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Tainted Cutters


In this experiment, we replace a false cure with a tainted remedy.

Continuing with Magic Origins previews, let’s take a look at a card that essentially replaces a pet card of old.

False Cure

False Cure was a cute idea, but you really had to go all in on a single turn. Since the spell only lasted until end of turn, you had to have your entire suite of enemy-life-gain cards ready. Four Skyshroud Cutters on deck meant an instant win as early as turn two—but only with a precise seven cards. Now, doubling up on False Cures was great, as the delayed triggers would be amplified—the opponent would gain life once but then lose it three times, so a single Skyshroud Cutter could bring an opponent from 20 to 5. But a play like that cost bbbb, so free spells like the Cutter were great, but finishing out the kill could be tricky with little mana left over.

Tainted Remedy lets us play with similar concepts in a different way. Notably, having a second Remedy is useless since its ability creates a replacement effect. However, it’s permanent, and that’s a big deal. This lets us drop the enchantment early with no pressure to win immediately and then just play a long game.

The Short Game

Skyshroud Cutter
Despite our ability to play the long game with our black enchantment, there’s still the potential for an early combo kill. For example, we can win on turn three after dropping the Remedy and then casting four Skyshroud Cutters. As with the previous iteration of the deck, that’s highly unlikely and requires a lot of specific cards in our hand early in the game.

But we can also win on turn four if we just have a single Cutter and a copy of Pack Hunt. On turn four, after previously casting Tainted Remedy, just cast Skyshroud Cutter for 0 mana, giving our opponent 5 life (but making him or her lose 5 life instead). Then, cast Pack Hunt on the Cutter to search for three more, and cast them for their alternate casting costs, thus winning the game.

There’s one other card lets us give our opponent life instead of paying mana for it, and that’s Reverent Silence. Unfortunately, its effect is to destroy all enchantments. And since it’s a sorcery, we can’t cast one in response to another in order to stack them with a single Tainted Remedy—we’d either need a way to cast them at instant speed or an additional copy of the Remedy for each additional copy of the Silence. But I’m not going to build around that today; instead, I’ll just keep a single copy of Reverent Silence for a final blow or for when we don’t mind blowing up one of our Remedies. And who knows? Maybe it’ll even come in handy for destroying an opponent’s enchantment.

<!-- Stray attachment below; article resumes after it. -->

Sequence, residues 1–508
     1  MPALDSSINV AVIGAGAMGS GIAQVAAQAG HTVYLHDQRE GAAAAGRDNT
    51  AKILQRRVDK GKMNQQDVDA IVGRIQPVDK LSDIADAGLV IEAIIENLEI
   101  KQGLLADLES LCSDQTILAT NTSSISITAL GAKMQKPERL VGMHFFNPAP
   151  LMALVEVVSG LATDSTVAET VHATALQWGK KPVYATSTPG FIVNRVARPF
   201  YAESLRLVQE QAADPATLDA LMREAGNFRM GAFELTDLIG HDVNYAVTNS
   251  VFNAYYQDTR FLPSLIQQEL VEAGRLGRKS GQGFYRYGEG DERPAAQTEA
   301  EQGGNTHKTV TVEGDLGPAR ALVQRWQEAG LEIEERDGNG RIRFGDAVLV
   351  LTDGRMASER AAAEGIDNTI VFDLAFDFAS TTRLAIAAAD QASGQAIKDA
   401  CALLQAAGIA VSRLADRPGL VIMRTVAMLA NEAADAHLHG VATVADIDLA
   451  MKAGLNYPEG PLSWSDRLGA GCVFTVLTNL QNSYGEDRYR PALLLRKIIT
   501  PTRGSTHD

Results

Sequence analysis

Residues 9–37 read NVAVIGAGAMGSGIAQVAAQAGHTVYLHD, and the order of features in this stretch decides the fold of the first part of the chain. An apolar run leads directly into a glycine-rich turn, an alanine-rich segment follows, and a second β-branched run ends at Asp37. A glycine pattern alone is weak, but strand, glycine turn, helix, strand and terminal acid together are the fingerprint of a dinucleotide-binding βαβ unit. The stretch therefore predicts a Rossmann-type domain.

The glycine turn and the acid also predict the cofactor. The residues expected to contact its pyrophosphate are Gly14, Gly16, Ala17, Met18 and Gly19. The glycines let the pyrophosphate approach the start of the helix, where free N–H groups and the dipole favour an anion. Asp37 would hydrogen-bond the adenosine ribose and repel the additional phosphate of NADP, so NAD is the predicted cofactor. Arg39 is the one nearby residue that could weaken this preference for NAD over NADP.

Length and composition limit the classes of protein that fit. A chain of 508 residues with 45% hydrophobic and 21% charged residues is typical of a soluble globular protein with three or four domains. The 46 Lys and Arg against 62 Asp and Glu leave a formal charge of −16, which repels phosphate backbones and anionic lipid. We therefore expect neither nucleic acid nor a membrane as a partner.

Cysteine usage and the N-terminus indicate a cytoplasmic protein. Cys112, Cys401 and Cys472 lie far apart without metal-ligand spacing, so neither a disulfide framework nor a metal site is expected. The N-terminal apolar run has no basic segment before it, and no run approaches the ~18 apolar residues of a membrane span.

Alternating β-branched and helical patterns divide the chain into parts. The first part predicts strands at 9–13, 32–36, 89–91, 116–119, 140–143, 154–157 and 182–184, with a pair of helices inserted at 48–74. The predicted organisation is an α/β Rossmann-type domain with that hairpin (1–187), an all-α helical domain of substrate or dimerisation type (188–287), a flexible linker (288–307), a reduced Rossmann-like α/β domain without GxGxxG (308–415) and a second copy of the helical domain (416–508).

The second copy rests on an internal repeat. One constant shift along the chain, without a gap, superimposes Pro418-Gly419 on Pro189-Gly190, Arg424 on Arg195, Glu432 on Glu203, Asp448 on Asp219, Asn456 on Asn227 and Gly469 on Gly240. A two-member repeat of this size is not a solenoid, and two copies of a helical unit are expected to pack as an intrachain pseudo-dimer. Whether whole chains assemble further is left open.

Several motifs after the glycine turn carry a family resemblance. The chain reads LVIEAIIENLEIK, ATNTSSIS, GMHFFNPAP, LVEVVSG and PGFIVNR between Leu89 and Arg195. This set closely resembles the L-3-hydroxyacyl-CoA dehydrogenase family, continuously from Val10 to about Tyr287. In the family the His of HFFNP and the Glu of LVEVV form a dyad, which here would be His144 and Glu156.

Refreshing Rain is somewhat similar to these other cards in that it has an alternate casting cost, can give our opponent life, and is from Nemesis. What’s different is that its free mode requires both us and our opponent to have particular lands and that the effect is gaining life, giving the card little utility outside of comboing with Tainted Remedy. (Then again, maybe 2/2s and spells that blow up our own stuff don’t offer a ton of utility either.) To help with the land situation, we have a couple copies of Urborg, Tomb of Yawgmoth to ensure our opponent has a Swamp.

The Long Game

Sure, False Cure could combo with Swords to Plowshares, but that’s a lot of work to put in for removing a single creature and making the opponent lose life. But with Tainted Remedy, we can just sit on the enchantment and use spells like Swords to Plowshares and Devour Flesh to fully dissuade our opponent from playing big creatures. It’s nice to have cheap instants with the approximate upside of Phthisis.

Sylvan Bounty is expensive, but it can hit our opponent for 8. And in the early game, we can use it just to find the lands we need for our three-color deck.

Swords to Plowshares
Sylvan Bounty
Life Burst

Life Burst offers a reasonable amount of life-gain. The first one certainly isn’t impressive, and investing cards in pure life-gain isn’t normally very good. Here, we’ll hope it lets us stave off an early death while also serving as an endgame finisher. If we cast the first three on ourselves to gain a total of 24 life, the fourth can hit our opponent for 16, which is probably overkill.

To help ensure we can find a Tainted Remedy, we have a couple copies of Idyllic Tutor, and in case we have excess Remedies and Tutors, there’s a copy of Armistice to fetch. Armistice is just rude. It’s somewhat close to Jayemdae Tome in terms of power level—though probably just worse—but with the Remedy, we end up with a very potent activated ability to pull us through lulls in the late game.

Grove of the Burnwillows creates a slow burn with Tainted Remedy, giving a new meaning to the term pain land. Speaking of pain lands, though, we have some copies of Horizon Canopy. Cards may very well become more important than lands in the late game—we shouldn’t need more than 5 or 6 man for Armistice activations and hard-cast Sylvan Bounties.

Grove of the Burnwillows
Devour Flesh

I’d love to see a few more creatures in this deck, especially some that work well in multiples for cross-purpose synergy with Pack Hunt. But I couldn’t resist the Life Bursts and Nemesis cards, and I really don’t even know what kind of creatures I’d want. Obvious power cards such as Eternal Witness and Courser of Kruphix are reasonable choices, but I’m more on the lookout for synergy.

If you need a good reason to dust off your Skyshroud Cutters, if you have an unhealthy love for Life Burst, or if you just like the idea of pain lands being painful for your opponent, give this deck a try.

Andrew Wilson


fissionessence at hotmail dot com

P.S. I’m currently running a Kickstarter campaign for a solitaire card game I designed called Quest: Awakening of Melior, so if sweet cards and quick play is your thing take a look now!

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